Some Whittier students feel that these issues are systemic, and extend beyond the individual stories that have recently been shared by students at the College. Third-year Ashley Shah said that, “It’s worth noting that many of the problems or concerns being brought up now are reiterations of problems brought up before. Not only do administrative offices display patterns of racism, ableism, and misogyny, which go unpunished, but they often refuse to listen to complaints lodged by students or listen and then refuse to deal with them.” As mentioned above, Marquez claims to have experienced a similar situation, in which administrators ignored or avoided his requests to meet and discuss his frustrations with the school. 

“We should think deeply about why these complaints are repeated and about what the administration of this school could have to gain from both exhibiting prejudiced behaviors and refusing to punish these behaviors,” said Shah. “Is it so unimaginable that a school which is run like a business and which relies on corporations and large private donors for funding does not always prioritize the interests of its students? If we live in a society which places profit above all else, it makes sense that our school would too. I also think it’s despicable that so many complaints have been lodged by students of color when our school markets itself on its diversity and receives funding for being a Hispanic-serving institution,” said Shah.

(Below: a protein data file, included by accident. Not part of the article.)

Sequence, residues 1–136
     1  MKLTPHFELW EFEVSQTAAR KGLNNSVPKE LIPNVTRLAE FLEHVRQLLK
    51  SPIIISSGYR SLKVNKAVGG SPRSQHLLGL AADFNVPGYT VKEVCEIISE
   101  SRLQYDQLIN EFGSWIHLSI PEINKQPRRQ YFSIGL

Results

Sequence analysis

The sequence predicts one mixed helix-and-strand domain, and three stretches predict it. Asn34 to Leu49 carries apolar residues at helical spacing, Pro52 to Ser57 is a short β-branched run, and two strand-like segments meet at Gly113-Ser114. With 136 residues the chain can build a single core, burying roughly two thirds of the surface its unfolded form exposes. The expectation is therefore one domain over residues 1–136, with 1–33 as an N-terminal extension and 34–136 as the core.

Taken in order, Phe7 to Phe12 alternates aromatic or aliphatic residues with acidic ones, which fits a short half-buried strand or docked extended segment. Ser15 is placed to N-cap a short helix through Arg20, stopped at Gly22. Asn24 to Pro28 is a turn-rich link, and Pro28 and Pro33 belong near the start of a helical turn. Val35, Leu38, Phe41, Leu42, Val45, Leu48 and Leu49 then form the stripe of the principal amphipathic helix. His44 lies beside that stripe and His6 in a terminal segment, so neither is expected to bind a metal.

As the current investigation into racial discrimination and/or bias by administrators on campus progresses, and as the Coalition continues to evolve, the Quaker Campus will continue to report on both student and administrative perspectives in the coming weeks.